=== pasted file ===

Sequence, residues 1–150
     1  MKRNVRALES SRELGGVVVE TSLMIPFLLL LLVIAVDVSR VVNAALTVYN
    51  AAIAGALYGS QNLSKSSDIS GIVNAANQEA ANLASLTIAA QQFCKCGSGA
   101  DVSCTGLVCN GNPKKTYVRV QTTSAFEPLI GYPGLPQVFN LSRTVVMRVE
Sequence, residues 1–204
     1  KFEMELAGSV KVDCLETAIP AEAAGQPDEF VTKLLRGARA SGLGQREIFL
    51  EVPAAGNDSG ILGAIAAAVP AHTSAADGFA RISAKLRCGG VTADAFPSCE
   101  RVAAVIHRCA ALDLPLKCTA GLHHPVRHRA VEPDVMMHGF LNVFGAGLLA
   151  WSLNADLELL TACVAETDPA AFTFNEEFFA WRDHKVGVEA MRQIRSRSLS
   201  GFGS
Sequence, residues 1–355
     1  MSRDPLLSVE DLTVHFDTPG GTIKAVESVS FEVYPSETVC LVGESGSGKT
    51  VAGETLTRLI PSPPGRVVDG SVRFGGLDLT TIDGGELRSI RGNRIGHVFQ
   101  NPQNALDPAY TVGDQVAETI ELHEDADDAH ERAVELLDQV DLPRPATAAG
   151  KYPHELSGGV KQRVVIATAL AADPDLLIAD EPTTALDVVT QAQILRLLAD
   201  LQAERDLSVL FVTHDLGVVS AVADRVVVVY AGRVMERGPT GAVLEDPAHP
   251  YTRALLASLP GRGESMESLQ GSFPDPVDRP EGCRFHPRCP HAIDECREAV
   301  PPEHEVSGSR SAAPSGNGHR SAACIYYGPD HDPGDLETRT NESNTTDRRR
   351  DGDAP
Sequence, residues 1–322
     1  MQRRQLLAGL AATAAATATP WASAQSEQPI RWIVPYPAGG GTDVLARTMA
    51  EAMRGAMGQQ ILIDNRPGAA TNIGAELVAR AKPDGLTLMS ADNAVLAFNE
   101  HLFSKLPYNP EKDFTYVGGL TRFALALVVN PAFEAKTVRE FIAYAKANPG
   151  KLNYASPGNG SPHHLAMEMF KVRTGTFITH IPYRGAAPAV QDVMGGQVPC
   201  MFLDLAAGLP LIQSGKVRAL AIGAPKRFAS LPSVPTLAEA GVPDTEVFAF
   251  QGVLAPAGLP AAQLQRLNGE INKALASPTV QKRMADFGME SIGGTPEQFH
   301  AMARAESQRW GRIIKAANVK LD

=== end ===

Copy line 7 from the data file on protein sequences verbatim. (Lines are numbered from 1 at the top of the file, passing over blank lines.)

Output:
    51  EVPAAGNDSG ILGAIAAAVP AHTSAADGFA RISAKLRCGG VTADAFPSCE